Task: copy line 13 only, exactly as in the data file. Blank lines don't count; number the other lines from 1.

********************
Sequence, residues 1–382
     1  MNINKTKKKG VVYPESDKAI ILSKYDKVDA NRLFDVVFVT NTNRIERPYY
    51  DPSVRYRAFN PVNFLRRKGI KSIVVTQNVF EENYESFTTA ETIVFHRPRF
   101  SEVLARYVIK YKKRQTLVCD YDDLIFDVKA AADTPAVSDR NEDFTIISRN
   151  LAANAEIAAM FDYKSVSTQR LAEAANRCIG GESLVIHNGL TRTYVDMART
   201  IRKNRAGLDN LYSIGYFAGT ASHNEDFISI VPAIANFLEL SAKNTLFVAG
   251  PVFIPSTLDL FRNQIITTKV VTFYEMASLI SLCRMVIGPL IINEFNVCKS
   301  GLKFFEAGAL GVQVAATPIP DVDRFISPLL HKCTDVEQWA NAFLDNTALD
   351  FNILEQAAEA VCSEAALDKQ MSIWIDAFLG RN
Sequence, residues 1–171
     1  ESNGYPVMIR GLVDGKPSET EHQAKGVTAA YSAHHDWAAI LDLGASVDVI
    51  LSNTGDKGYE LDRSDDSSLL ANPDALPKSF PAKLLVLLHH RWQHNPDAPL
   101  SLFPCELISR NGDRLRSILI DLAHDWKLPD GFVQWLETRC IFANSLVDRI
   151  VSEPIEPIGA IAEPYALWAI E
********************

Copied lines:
   101  SLFPCELISR NGDRLRSILI DLAHDWKLPD GFVQWLETRC IFANSLVDRI